In education, facilitating equal opportunities is vital. There also needs to be equal recognition for students. At PSU, there is a focus on three main areas: education, empowerment and inspiration. There are four programmes offering degrees for female students only, with some in fields where women have been historically under-represented, such as architecture.

“Highlighting the importance of international partnership, Stanford University started its Women in Data Science conference in 2015,” Khoshaim explained. “PSU joined in 2018 and since then has been offering the same conference yearly in March, chosen as it is the month in which International Women’s Day takes place.”

SDG 8, which focuses on promoting inclusive and sustainable economic growth, and employment and decent work for all, is another important focus area for PSU. Jolly Sahni, director of PSU’s Jubilation Office and associate director of MBA programmes, spoke passionately on this SDG.

“At PSU, we are going above and beyond in terms of SDG 8,” Sahni noted. “We have clear routes into employment, we pay employees much higher than the minimum wage, as defined by the Ministry of Labour, and we treat faculty and other staff fairly at all times.”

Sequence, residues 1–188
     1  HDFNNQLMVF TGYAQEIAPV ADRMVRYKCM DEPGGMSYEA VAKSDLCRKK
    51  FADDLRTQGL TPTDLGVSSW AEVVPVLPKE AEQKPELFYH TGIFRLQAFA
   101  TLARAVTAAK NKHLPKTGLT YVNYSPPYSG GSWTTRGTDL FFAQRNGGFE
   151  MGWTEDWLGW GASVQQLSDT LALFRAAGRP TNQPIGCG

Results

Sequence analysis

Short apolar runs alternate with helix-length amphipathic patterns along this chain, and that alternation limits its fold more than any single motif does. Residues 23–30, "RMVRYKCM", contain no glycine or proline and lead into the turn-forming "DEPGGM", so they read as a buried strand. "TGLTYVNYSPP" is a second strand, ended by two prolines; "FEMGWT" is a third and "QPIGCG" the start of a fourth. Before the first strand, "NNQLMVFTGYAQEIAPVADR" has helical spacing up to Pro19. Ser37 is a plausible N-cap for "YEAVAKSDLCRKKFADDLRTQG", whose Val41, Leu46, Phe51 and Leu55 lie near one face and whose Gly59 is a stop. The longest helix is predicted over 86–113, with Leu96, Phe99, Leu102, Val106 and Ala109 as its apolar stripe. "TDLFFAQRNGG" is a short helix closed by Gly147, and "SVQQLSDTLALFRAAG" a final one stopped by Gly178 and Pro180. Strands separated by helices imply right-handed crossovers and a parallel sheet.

The Covid-19 pandemic highlighted PSU’s commitment to SDG 8. The crisis provided a lesson about resilience and how to use technology creatively to solve unprecedented problems. “We don’t just prioritise physical well-being,” Sahni said. “Mental well-being is important at PSU, too – and another key element for meeting SDG 8.”

Exemplified by the UN Global Compact, sustainability depends on a holistic ecosystem that unites higher education, government, industry and wider society. Maryam Telmesani, chair of the Saudi Arabia local network at the UN Global Compact, noted that while we are seeing progress in the private sector around sustainability, her organisation is committed to furthering progress in this area by driving impact and making sure progress is measurable.

“We help organisations meet their sustainability objectives by connecting, learning, leading and innovating,” Telmesani said. “To embed sustainability, there are a lot of educational elements. We have the UN Academy, peer training, accelerator programmes and Think Labs.”

Looking at SDG 16 and its emphasis on promoting peace, justice, strong institutions and inclusive societies, Dhafer Almakhles, chair of communications and networks engineering at PSU, spoke about the importance of effective collaboration between universities and government.